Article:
Childhood Trauma Can Change the Way Your Genes Behave and Leave You More Vulnerable to Illness
The article describes how separating parents from children is an extremely traumatic event. The science just adds to the moral argument against this horrible policy.
…That sort of trauma, and exposure to large amounts of stress in childhood, is linked to epigenetic changes—changes in the way that the body turns genes on and off, and regulates biological processes—that can last into adulthood. Studies show differences in the activity levels of hundreds of genes between people who experienced trauma in their childhood and those who did not, and while scientists don’t know how all of those changes affect health, there’s good evidence for the function of a few.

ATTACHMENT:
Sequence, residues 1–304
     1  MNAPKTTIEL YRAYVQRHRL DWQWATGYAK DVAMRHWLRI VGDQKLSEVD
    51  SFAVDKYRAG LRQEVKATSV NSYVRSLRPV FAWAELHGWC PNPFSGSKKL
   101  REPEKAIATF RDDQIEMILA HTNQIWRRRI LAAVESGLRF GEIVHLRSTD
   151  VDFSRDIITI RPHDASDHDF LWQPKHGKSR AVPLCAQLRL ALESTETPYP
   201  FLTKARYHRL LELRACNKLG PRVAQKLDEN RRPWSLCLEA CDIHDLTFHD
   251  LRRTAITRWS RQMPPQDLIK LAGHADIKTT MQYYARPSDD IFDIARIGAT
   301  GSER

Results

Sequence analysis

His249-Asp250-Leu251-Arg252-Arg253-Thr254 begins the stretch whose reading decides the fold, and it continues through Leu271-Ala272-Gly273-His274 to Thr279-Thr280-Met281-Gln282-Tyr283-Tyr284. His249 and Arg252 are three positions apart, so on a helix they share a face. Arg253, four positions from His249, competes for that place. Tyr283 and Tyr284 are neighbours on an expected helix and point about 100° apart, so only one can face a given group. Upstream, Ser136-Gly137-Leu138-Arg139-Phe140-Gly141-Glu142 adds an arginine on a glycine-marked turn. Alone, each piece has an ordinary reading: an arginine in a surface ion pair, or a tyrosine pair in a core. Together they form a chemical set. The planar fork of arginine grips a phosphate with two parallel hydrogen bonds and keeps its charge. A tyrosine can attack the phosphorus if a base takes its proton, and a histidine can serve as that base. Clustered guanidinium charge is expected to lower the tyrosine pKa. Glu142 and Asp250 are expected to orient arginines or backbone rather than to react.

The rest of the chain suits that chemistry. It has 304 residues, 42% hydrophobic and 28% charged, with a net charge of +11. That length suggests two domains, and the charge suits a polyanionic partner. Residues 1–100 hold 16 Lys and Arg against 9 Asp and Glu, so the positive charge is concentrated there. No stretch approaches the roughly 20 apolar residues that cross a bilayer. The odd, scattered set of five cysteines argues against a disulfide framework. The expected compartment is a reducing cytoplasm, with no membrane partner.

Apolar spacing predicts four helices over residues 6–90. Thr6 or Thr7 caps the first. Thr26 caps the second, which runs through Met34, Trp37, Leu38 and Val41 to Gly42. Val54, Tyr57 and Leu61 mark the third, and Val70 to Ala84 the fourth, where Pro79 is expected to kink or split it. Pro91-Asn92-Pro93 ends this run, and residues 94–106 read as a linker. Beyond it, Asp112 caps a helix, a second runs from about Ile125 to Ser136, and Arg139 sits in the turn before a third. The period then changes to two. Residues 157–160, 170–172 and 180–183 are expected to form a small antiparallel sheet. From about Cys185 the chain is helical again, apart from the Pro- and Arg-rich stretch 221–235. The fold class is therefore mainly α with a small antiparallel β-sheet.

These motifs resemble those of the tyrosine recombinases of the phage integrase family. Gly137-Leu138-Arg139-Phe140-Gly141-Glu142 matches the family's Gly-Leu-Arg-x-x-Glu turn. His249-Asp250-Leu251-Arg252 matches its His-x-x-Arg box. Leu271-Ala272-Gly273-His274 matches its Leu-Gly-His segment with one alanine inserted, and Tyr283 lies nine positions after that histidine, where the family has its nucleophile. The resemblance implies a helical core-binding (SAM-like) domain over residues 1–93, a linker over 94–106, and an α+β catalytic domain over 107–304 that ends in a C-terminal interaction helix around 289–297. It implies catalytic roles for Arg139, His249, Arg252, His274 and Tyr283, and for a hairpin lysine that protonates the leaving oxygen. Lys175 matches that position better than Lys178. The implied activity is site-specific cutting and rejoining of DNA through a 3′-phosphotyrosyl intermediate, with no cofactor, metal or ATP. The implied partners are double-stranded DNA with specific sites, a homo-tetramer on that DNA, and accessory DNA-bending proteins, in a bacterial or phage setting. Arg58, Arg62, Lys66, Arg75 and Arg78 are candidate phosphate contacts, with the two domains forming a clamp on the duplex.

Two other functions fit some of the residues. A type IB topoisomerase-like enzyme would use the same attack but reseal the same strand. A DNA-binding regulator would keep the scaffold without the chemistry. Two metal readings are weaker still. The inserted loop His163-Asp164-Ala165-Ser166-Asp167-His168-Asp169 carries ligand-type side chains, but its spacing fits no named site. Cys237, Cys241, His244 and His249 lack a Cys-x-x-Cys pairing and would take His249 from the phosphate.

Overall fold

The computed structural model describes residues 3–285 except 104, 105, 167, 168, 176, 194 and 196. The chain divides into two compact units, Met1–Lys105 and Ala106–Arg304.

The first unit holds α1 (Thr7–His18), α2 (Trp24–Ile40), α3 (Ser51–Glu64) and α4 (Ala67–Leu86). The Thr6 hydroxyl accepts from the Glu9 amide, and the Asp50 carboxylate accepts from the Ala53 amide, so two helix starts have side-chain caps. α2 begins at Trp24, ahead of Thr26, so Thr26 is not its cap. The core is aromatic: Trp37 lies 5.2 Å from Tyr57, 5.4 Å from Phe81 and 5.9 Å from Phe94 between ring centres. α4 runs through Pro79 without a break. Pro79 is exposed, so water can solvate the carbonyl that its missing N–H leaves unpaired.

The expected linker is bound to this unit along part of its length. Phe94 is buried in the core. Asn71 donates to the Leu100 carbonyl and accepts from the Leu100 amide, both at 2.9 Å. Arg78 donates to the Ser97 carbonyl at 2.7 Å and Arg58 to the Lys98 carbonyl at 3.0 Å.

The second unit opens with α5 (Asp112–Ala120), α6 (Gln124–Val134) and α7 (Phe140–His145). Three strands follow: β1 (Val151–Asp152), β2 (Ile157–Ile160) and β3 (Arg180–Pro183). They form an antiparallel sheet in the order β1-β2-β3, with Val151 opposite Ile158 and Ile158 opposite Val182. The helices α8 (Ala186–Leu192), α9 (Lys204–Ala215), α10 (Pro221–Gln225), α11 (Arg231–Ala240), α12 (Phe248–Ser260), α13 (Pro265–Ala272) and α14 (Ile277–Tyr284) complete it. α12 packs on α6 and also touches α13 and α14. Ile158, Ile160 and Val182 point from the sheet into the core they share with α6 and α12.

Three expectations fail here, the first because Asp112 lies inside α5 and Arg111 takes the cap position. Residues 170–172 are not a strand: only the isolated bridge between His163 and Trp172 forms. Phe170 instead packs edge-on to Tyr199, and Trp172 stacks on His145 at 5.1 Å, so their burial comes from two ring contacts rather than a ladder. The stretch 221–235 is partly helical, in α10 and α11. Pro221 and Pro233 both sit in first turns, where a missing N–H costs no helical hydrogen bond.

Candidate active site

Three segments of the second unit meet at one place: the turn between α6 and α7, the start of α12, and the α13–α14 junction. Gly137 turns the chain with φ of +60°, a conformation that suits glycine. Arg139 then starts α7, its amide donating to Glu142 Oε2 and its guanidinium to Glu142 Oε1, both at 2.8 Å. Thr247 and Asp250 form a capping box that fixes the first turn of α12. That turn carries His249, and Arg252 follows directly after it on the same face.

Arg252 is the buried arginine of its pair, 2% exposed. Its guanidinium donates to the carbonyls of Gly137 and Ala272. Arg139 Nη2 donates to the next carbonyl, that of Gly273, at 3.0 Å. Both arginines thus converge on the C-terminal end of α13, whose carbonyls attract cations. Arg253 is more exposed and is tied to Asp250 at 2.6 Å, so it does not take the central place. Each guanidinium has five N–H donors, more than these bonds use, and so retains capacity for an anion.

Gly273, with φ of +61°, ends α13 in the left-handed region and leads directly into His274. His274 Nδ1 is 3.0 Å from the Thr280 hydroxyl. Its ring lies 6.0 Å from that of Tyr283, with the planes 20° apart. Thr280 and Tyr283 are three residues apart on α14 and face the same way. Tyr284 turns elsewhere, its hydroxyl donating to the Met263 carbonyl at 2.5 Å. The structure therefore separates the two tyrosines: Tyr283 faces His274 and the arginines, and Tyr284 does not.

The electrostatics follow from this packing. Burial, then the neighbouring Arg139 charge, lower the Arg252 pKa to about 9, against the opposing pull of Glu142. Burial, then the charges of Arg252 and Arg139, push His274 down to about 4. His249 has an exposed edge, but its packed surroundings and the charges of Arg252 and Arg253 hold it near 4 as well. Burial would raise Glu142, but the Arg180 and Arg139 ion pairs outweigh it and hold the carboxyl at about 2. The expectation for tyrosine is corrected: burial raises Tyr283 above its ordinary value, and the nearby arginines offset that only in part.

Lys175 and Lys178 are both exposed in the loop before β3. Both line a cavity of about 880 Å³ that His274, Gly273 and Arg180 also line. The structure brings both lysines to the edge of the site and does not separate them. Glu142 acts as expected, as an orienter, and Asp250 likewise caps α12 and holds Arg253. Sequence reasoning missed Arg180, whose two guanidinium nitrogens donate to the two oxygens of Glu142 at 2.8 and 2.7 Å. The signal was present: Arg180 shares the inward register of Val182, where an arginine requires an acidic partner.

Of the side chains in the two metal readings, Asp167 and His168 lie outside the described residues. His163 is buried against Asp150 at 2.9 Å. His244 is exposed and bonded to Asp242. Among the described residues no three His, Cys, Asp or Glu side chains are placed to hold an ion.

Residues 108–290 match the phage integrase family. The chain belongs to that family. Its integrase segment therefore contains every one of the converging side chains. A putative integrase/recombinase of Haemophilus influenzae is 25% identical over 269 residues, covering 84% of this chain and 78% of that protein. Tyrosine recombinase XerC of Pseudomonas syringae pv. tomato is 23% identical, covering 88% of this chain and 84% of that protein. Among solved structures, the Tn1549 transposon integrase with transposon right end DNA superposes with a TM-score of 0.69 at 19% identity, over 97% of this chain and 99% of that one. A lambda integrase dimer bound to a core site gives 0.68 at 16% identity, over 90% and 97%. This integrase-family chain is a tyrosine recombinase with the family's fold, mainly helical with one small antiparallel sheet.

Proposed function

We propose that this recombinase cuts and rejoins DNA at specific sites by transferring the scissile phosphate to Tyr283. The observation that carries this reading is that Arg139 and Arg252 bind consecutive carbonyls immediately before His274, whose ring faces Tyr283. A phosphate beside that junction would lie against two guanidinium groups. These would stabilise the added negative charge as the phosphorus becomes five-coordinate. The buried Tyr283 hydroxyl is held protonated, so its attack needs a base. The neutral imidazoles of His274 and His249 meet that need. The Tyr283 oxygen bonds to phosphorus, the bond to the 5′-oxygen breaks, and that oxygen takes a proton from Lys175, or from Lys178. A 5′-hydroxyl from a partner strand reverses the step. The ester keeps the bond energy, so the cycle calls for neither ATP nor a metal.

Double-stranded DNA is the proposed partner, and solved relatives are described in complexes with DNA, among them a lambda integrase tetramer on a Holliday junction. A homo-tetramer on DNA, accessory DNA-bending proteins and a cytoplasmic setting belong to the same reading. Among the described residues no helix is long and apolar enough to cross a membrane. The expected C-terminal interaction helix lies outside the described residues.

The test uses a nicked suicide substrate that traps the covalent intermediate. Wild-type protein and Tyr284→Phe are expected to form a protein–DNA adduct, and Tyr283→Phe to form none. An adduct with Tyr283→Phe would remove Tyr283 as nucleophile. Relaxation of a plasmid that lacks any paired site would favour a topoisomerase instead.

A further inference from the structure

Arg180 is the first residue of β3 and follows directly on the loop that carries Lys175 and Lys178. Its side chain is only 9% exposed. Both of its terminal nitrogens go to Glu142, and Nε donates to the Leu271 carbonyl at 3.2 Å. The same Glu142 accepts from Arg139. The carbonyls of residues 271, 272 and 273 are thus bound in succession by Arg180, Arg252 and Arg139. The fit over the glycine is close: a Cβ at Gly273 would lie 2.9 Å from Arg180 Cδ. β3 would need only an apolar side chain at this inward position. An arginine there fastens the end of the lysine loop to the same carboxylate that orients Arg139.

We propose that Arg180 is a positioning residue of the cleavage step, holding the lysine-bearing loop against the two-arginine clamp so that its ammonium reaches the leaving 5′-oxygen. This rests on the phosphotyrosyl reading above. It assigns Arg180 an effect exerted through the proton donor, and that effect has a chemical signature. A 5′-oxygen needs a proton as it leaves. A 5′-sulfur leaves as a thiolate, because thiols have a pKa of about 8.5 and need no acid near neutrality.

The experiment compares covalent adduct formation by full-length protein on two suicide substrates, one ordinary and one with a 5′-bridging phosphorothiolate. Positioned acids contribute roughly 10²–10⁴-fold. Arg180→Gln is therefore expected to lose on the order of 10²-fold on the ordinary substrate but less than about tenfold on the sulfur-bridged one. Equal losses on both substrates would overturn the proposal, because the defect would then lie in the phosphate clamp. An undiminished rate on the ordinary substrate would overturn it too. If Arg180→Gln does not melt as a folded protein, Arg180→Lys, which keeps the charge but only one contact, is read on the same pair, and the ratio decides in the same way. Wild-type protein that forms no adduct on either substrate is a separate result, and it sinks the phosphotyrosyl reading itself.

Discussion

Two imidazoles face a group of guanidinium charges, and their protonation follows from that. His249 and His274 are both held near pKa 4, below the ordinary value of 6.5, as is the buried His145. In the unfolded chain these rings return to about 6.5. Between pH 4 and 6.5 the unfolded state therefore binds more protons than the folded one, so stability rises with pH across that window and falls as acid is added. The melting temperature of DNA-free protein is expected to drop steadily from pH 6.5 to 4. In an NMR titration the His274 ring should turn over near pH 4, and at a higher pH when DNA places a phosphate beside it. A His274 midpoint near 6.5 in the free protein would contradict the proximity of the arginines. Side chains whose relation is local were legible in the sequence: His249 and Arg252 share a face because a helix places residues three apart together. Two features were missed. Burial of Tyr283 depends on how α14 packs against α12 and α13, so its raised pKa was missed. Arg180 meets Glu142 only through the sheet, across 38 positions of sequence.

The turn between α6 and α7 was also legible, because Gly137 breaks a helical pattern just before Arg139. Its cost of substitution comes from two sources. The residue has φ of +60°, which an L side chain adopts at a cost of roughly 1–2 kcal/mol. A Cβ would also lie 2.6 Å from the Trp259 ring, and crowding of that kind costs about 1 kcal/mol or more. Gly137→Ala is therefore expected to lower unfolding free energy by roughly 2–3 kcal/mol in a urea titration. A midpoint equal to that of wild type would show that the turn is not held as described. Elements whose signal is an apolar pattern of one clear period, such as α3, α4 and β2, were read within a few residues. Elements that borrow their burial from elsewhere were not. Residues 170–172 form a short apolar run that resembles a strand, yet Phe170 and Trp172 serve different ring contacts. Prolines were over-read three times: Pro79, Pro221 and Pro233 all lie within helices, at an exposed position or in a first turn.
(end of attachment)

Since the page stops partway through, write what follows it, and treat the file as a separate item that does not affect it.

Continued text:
Most research has focused on changes to genes involved with the receptors that regulate the stress hormone cortisol. The changes in those genes, noted in both human and rodent studies, cause cortisol levels to stay elevated for longer during stressful events, and make it harder for the body to relax. “Childhood trauma, then, reshapes how the body responds to stress long-term, across the lifetime,” Ressler says. That deregulation of the healthy stress pathways leaves people at risk for depression and other psychiatric disorders.